Prophecy in Ancient Israel
Revelations from God
The following article is reprinted with permission from From Text to Tradition: A History of Second Temple and Rabbinic Judaism (Ktav).
Prophecy in the Biblical Sense
The authority of the traditions of the Bible in Judaism is founded upon the concept of prophecy. The Bible describes various people as having received direct revelations from God. The revelation to Moses is seen by later tradition as prophecy par excellence.
In the accounts of the patriarchs, we encounter God in relation to man, communicating directly with him. This is not prophecy in the strict sense, however, since the phenomenon of prophecy, in the biblical view, involves the prophet's having been charged with a messageto communicate. It is only with Moses, in the Book of Exodus, that we encounter aprophet who is sent to the people to deliver the word of God.
In other words, prophecy has a social dimension. It is not simply a personal religious experience. God sends Moses to deliver His word to the people. Yet Moses' prophecy differed from that of the other prophets. First, he is described by the Bible as communicating directly with God, whereas the other prophets see God in a dream or trance. Second, he combines in his person the roles of priest, king, and lawgiver (if we may adopt the Hellenistic characterization) alongside that of prophet.
The History of Prophecy in Ancient Israel
The Bible allows us to trace the history of prophecy in ancient Israel. Not counting Moses, the earliest prophets described in the Bible were seers, charismatic figures who prophesied in a trance, usually induced by the use of music and dance. Often they banded together in guilds and were called "the sons of the prophets."
The guilds were based on the master‑disciple relationship and were intended to pass on a tradition of prophecy. There is no definite evidence that prophets of this kind were in any way involved in the moral and religious ferment of the times. They may have been foretellers of the future.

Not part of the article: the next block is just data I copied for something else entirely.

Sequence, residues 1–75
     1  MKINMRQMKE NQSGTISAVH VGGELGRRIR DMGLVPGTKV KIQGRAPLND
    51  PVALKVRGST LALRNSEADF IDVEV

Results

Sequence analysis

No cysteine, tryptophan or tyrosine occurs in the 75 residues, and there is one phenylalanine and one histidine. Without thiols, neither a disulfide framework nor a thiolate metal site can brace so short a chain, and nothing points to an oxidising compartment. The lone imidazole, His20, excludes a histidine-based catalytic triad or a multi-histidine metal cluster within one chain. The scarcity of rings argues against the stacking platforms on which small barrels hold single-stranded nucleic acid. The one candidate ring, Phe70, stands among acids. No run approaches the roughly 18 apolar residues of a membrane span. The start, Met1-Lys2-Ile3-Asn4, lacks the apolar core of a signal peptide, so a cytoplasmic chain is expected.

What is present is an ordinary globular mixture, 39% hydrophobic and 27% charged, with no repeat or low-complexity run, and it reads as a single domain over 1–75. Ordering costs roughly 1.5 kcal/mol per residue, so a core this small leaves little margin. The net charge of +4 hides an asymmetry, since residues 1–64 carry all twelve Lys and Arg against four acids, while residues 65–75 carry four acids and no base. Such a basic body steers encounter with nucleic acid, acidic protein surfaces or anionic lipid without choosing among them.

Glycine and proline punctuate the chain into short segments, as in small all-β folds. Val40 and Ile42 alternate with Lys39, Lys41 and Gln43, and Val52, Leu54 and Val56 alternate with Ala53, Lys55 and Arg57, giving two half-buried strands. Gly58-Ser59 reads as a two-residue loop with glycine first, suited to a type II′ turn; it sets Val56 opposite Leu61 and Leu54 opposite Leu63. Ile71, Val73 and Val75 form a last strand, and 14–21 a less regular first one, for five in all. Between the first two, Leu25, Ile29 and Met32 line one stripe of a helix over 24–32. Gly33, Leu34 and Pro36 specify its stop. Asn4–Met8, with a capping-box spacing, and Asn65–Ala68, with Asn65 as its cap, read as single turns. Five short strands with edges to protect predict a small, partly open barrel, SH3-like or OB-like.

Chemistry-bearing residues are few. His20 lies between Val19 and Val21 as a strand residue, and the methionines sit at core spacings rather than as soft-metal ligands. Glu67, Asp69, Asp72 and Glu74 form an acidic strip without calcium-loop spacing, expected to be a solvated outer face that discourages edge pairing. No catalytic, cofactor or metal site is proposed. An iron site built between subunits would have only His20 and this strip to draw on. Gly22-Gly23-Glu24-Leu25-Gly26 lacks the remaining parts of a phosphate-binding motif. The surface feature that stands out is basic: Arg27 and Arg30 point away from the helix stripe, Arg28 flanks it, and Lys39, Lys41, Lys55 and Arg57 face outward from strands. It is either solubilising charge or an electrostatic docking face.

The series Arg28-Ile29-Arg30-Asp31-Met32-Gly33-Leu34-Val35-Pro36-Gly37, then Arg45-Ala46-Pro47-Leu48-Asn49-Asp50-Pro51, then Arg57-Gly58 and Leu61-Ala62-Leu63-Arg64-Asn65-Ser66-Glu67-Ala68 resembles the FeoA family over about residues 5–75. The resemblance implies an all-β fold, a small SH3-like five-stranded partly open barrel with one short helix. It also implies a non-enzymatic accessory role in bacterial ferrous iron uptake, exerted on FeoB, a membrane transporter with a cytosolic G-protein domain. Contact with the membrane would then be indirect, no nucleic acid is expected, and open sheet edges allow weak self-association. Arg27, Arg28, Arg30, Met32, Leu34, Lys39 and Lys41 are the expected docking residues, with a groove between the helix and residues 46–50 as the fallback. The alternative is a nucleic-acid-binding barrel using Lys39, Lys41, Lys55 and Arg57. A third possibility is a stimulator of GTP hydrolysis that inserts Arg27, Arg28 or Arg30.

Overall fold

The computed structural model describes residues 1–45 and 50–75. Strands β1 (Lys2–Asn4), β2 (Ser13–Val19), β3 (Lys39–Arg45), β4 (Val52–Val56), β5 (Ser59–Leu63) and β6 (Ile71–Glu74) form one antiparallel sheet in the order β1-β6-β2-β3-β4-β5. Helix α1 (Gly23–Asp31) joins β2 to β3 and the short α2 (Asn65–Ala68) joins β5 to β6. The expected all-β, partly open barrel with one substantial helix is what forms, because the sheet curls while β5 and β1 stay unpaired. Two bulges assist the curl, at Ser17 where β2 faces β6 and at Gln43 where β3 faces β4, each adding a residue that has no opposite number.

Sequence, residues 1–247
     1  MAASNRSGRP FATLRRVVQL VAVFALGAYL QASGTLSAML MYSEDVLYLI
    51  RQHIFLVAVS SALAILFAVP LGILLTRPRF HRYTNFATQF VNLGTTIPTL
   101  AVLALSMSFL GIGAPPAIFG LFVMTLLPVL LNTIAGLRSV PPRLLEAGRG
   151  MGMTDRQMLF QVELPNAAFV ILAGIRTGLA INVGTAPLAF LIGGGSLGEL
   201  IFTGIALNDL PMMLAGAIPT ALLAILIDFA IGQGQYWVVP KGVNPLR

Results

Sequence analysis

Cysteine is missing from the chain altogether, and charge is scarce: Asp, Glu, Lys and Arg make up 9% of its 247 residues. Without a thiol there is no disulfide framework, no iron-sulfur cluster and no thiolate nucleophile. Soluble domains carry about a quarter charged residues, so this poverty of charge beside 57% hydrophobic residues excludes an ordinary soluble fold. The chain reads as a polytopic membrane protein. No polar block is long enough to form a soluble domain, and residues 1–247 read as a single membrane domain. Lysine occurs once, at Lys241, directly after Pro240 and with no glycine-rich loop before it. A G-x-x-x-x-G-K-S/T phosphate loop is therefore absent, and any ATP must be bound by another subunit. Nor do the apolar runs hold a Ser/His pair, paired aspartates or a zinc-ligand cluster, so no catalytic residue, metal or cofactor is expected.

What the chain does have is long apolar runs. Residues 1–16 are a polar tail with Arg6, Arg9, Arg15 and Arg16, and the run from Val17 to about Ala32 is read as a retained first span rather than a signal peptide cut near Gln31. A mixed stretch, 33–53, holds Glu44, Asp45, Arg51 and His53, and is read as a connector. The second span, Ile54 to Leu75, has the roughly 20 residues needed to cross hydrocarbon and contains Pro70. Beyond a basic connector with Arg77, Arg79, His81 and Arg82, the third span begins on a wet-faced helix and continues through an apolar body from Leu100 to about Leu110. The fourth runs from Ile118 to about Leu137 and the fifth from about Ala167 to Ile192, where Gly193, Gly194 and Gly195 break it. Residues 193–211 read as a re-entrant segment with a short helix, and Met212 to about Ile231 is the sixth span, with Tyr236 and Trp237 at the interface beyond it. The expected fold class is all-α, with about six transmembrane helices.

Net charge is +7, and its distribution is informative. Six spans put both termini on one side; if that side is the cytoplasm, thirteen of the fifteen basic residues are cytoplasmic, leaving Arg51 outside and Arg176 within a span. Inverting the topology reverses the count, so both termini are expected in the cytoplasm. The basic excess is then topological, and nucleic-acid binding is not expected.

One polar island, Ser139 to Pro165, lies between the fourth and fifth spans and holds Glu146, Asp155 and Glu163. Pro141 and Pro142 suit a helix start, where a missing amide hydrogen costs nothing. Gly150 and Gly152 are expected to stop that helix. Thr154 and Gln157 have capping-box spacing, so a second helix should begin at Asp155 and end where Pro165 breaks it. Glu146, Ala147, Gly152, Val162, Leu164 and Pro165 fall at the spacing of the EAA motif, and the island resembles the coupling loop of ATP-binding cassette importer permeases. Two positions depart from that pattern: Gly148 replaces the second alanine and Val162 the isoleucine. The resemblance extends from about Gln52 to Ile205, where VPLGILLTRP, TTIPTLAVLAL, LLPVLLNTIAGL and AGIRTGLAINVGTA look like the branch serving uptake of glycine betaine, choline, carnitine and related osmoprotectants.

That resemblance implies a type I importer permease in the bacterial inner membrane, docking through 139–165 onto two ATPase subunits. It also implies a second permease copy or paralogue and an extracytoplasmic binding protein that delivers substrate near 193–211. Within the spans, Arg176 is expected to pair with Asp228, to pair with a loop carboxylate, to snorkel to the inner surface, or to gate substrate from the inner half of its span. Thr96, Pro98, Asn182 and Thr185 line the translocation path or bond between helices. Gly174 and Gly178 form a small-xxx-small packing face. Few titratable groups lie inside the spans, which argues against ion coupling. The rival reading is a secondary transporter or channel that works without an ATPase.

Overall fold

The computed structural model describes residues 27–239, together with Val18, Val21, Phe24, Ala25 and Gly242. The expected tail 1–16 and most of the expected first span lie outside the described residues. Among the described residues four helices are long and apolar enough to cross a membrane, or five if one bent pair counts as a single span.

By the time of the first monarchs, Saul, David, and Solomon, the role of the prophet had begun to change. It seems to have taken on some of the charismatic qualities associated with the judges in the period immediately after the conquest, and simultaneously the kings inherited the political and military aspects of the judge's role. In the early days of the monarchy, the prophet appears as a religious model in the king's entourage, deeply involved in the life of the royal court but able, at same time, to castigate the ruler by means of pointed parables.
Other prophets, of lesser importance, may have been attached to the major cultic sites, according to some scholars. By the time of Elijah and Elisha, prophets were found in both the northern and southern kingdoms and were often in conflict with the kings. They had clearly taken on their well‑known role as critics of the Israelite society of the day, but had not yet developed into literary figures.
By the ninth century B.C.E., in both Judah and Israel, the minor prophets (so‑called because of the size of their literary output) were delivering scathing attacks on the two major transgressions of the time, syncretistic worship and the social ills besetting the country. These two issues would occupy the prophets for years to come. They demanded the extirpation of even minimal participation in idolatrous worship, and called for the amelioration of the injustices being perpetrated against the poor, unlanded classes, insisting loudly and clearly that the discharge of cultic duties was of no significance if it was not accompanied by a life of true moral and ethical principles.
The earliest of the twelve minor prophets, whose numbers included such men as Amos and Hosea (eighth century B.C.E.), were the first to leave us written documents of prophetic discourse. They delivered their words in public and apparently recorded them in writing either for their own use or to circulate them more widely.
As the end of the monarchy drew near, and a complex admixture of political and religious issues presented itself, new horizons loomed for the prophets. Isaiah (c. 740-c.700 B.C.E.), Jeremiah (c. 627-c.585), and Ezekiel (593-571) confronted new political realities as well as the growing Mesopotamian influence on Israelite worship. The prophecies of these men are infused with the history of the time in which they lived, for all three of them were intimately involved in the affairs of the day and determined to bring to the people of Israel the messages they believed they had received directly from the God of Israel.
Isaiah, Jeremiah, and Ezekiel brought to culmination the literary development of prophecy. These three great prophets composed poetry and prose that rank among the most beautiful achievements of Hebrew literature. The profundity, beauty, and lengths of the prophecies attributed to them rendered these men major figures in the eyes of later tradition.
As Judaism developed, the books of the prophets shaped many other aspects of the tradition, most especially the concept of the messianic era, which was rooted in the world of the prophets. Later on, Jewish mysticism took its cue from the prophetic visions of Isaiah and Ezekiel. Prophetic morality and its intimate connections with the ritual life of Judaism also had an enduring effect.
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